Purpose – Increasing physical activity (PA) is an international public health priority.
This study aims to assess the impact of an environmental stair-use intervention using “point of decision” prompts with varying messages in an NHS workplace in the UK.
Design/methodology/approach – Observational data were collected using a covert method (infra-red sensors) in an interrupted time-series design over an eight-week period.
Intervention - consisted of posters displaying encouraging messages in the entrance to two stairways of an acute NHS hospital. The hospital site is a public building accessible to patients, staff (n = ~7,000), students and the general public. Questionnaires (n =221) assessed employee self-reports of and attitudes towards stair-use.
Findings – Following 24-hour observational counts (n = 143,514) no statistically significant differences were seen in either stair climbing or descent on either stairway through the introduction and removal of promotional posters. A number of determinants and barriers to stair-use were identified. Posters were reported as “seen” by a low proportion of respondents (7-25 per cent) and only a small number felt encouraged to use the stairs as a result of the prompts (25-37 per cent of those who “saw” them, 3-18 per cent of total sample).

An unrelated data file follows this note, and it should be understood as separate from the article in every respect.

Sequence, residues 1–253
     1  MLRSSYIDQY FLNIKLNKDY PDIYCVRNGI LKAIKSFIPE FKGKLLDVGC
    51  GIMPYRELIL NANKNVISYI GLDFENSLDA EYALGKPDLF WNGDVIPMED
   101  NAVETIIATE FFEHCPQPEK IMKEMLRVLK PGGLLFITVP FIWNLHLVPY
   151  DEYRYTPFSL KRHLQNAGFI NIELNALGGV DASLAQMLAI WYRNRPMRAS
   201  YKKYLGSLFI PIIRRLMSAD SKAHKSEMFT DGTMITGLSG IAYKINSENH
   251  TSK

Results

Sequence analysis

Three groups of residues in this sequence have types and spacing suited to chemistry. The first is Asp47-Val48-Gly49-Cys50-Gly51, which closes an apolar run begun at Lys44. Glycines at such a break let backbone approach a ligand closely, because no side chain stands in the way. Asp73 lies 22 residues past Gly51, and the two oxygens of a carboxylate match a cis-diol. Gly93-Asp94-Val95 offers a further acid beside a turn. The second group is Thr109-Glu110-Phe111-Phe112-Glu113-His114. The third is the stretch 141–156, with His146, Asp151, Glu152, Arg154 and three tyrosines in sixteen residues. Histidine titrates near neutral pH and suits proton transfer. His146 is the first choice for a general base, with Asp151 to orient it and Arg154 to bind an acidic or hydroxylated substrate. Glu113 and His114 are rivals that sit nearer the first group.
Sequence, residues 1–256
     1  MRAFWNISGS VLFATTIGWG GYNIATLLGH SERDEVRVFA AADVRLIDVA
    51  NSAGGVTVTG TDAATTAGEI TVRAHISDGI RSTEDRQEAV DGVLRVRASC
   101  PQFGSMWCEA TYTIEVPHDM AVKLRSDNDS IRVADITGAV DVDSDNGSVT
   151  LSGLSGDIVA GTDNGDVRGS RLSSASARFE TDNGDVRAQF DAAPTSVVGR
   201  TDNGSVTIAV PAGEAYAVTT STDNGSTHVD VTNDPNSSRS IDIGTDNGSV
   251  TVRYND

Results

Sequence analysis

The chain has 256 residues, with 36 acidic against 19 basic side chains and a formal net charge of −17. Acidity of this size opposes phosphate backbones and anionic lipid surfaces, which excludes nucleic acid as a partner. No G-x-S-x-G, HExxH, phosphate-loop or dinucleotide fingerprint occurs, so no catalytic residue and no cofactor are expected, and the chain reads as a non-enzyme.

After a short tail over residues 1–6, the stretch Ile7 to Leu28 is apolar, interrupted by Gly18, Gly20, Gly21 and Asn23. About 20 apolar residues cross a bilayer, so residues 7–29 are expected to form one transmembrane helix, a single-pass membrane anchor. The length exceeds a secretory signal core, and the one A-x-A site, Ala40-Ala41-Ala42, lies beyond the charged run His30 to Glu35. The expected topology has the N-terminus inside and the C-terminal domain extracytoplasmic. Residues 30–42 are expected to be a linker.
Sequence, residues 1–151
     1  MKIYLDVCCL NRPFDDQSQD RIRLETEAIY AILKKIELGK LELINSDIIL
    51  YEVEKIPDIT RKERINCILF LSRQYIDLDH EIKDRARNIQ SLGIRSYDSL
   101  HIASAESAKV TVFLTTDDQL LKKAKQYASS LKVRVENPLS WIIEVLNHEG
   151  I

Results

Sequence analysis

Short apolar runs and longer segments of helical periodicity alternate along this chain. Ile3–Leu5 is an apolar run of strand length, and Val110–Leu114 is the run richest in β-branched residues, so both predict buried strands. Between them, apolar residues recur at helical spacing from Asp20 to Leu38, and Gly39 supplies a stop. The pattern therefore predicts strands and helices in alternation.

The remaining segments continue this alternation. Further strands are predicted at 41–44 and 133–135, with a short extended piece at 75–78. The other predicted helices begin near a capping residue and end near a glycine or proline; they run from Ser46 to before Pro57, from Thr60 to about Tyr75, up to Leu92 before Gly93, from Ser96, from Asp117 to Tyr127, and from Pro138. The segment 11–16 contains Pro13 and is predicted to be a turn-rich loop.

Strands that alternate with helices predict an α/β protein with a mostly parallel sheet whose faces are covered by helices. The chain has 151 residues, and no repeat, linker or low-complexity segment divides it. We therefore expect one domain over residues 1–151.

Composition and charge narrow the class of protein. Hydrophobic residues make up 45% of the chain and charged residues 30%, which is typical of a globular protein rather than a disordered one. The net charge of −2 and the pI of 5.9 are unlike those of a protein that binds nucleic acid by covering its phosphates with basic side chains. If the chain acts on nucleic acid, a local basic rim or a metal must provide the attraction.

Research limitations/implications – The study evaluates the impact of a stair-use intervention in a public hospital building, a setting within which research investigations have to date been limited. More research is needed to further investigate determinants and barriers to stair-use and the impact of different message types and locations of “point-of-decision” prompts in a hospital setting.
Practical implications – Environmental interventions to increase stair-use in this setting may be best placed within a comprehensive workplace programme including health education and multi-component interventions.
Originality/value – “Point of decision” prompts are inexpensive as a long-term intervention. As part of a large-scale workplace health campaign, encouraging even a small percentage of employees to use the stairs in organisations of this size is of significance to workplace health promoters.
Blake, H., Lee, S., Stanton, T., & Gorely, T. (2008). Workplace intervention to promote stair?use in an NHS setting. International Journal of Workplace Health Management, 1(3), 162-175. doi:10.1108/17538350810926525